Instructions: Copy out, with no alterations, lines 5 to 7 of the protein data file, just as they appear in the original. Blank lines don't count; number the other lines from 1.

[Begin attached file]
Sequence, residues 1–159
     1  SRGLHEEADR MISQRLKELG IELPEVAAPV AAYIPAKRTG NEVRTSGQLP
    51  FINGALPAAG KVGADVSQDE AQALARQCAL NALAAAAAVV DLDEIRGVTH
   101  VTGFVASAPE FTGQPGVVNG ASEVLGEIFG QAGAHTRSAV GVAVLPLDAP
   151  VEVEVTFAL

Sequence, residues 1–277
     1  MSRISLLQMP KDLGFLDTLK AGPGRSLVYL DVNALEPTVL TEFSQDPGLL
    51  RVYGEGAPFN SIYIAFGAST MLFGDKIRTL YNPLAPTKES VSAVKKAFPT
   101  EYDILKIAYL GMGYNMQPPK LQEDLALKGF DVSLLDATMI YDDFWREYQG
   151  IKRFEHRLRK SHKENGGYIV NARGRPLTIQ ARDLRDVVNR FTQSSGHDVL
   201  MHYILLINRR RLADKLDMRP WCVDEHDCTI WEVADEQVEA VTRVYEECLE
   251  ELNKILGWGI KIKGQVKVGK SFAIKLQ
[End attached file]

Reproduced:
   151  VEVEVTFAL

Sequence, residues 1–277
     1  MSRISLLQMP KDLGFLDTLK AGPGRSLVYL DVNALEPTVL TEFSQDPGLL